Pluggable Look-and-Feel

We mentioned before that Swing components can easily change their appearance, like master spies or thespians. Generally, different kinds of components within an app have coordinated appearances that are similar in some way. For example, they probably use the same font and the same basic color scheme. The collection of appearances and common behavior of GUI components is called a look-and-feel (L&F). Part of the job of designing a GUI for an operating system is designing the L&F. Mac OS, therefore, has its own distinctive L&F, as does Windows. Java offers several different L&F schemes for Swing components. If you're adept at graphic design, you can write your own L&F schemes and easily convince Swing to use them. This chameleon-like ability to change appearance is called pluggable look-and-feel, sometimes abbreviated PLAF (don't pronounce that out loud if others are eating). Seeing is believing. Here's an example that creates a handful of Swing components. Menu items allow you to change the L&F dynamically while the app is running:

 //file: QuickChange.java
 import java.awt.*;
 import java.awt.event.*;
 import javax.swing.*;
 public class QuickChange extends JFrame {
 public QuickChange( ) {
 super("QuickChange v1.0");
 createGUI( );
 }
 protected void createGUI( ) {
 setSize(300, 200);
 // create a simple File menu
 JMenu file = new JMenu("File", true);
 JMenuItem quit = new JMenuItem("Quit");
 file.add(quit);
 quit.addActionListener(new ActionListener( ) {
 public void actionPerformed(ActionEvent e) { System.exit(0); }
 });
 // create the Look & Feel menu
 JMenu lnf = new JMenu("Look & Feel", true);
 ButtonGroup buttonGroup = new ButtonGroup( );
 final UIManager.LookAndFeelInfo[] info =
 UIManager.getInstalledLookAndFeels( );
 for (int i = 0; i < info.length; i++) {
 JRadioButtonMenuItem item = new
 JRadioButtonMenuItem(info[i].getName( ), i == 0);
 final String className = info[i].getClassName( );
 item.addActionListener(new ActionListener( ) {
 public void actionPerformed(ActionEvent ae) {
 try { UIManager.setLookAndFeel(className); }
 catch (Exception e) { System.out.println(e); }
 SwingUtilities.updateComponentTreeUI(QuickChange.this);
 }
 });
 buttonGroup.add(item);
 lnf.add(item);
 }
 // add the menu bar
 JMenuBar mb = new JMenuBar( );
 mb.add(file);
 mb.add(lnf);
 setJMenuBar(mb);
 // add some components
 JPanel jp = new JPanel( );
 jp.add(new JCheckBox("JCheckBox"));
 String[] names =
 new String[] { "Tosca", "Cavaradossi", "Scarpia",
 "Angelotti", "Spoletta", "Sciarrone",
 "Carceriere", "Il sagrestano", "Un pastore" };
 jp.add(new JComboBox(names));
 jp.add(new JButton("JButton"));
 jp.add(new JLabel("JLabel"));
 jp.add(new JTextField("JTextField"));
 JPanel main = new JPanel(new GridLayout(1, 2));
 main.add(jp);
 main.add(new JScrollPane(new JList(names)));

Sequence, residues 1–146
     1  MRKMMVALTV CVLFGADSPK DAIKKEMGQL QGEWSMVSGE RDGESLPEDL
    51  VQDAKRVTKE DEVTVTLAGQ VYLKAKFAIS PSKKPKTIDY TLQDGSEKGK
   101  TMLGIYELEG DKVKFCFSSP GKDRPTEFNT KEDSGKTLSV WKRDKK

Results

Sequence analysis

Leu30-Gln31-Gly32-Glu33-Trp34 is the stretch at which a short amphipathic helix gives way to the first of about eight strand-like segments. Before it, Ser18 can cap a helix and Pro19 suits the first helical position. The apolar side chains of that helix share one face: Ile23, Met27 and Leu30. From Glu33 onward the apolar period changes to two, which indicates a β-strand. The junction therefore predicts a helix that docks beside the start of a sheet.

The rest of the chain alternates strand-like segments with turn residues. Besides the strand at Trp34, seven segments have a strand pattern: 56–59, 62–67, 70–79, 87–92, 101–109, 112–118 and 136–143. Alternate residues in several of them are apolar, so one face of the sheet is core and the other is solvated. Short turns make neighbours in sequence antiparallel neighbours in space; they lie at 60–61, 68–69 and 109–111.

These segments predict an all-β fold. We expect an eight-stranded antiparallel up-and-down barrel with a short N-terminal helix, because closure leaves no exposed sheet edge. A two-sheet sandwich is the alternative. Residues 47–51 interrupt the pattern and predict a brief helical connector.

setContentPane(main);
 setDefaultCloseOperation( JFrame.EXIT_ON_CLOSE );
 }
 public static void main(String[] args) {
 new QuickChange( ).setVisible(true);
 }
 }


The interesting part of this app is creating a menu of the available L&Fs. First, we ask a class called UIManager to tell us all about the available L&Fs on our computer:

 final UIManager.LookAndFeelInfo[] info =
 UIManager.getInstalledLookAndFeels( );


Information about L&Fs is returned as instances of UIManager.LookAndFeelInfo. Despite the long name, there's not much to this class; it just associates a name, such as Metal, and the name of the class that implements the L&F, such as javax.swing.plaf.metal.MetalLookAndFeel. In the QuickChange example, we create a menu item from each L&F name. If the menu item is selected, we tell the UIManager to use the selected L&F class. To make sure all the components are redrawn with the new L&F, we call updateComponentTreeUI( ), a static method in the SwingUtilities class. The JDK includes several L&Fs: one that resembles Windows, one that resembles Motif, and an original L&F called Metal. Java 5.0 added another original L&F called Ocean; you've been staring at it through all the examples in this and the last chapter. The trend in the industry over the past few years has been toward "flatter" and less visually cluttered interfaces and Ocean follows that trend. If you're running Swing on Mac OS X, the default L&F is an implementation of Aqua, the UI design for all new Mac apps. Unfortunately, you cannot use this L&F on any other platforms because of licensing issues (the Windows L&F has similar restrictions).

Synth, the Skinnable L&F

Although Swing's pluggable L&F has always been a virtue, writing your own Swing L&F is a fairly tedious, low-level activity. It is not the kind of thing that an end user could do on a whim to beautify one particular app. But a different kind of end-user GUI customization, called "skinning," is growing in popularity. Many apps now allow users to customize the L&F very easily, using only images and simple preferences files to create new appearances. Skinnability is not the same as a full-blown pluggable L&F, but it lets you do a lot without any coding required. Java 5.0 introduced a new skinnable L&F called Synth that acts like an ordinary L&F, but can be customized through the use of images and XML description files to create new looks. For example, the borders of components (such as the shiny metal look of the Metal L&F) can be described by providing an example image and then specifying the offsets of the interior "corners" as well as the method to use (stretch or tile) to cover larger areas. Synth then uses the image to paint the borders of whatever components you specify. Synth can do quite a lot and even allows you to specify Java objects to be involved in painting, so you can resort to coding again if your L&F gets too complex. Unfortunately we don't have room to truly cover Synth in this tutorial, but you can find a tutorial at http://www-106.ibm.com/developerworks/java/library/j-synth/.

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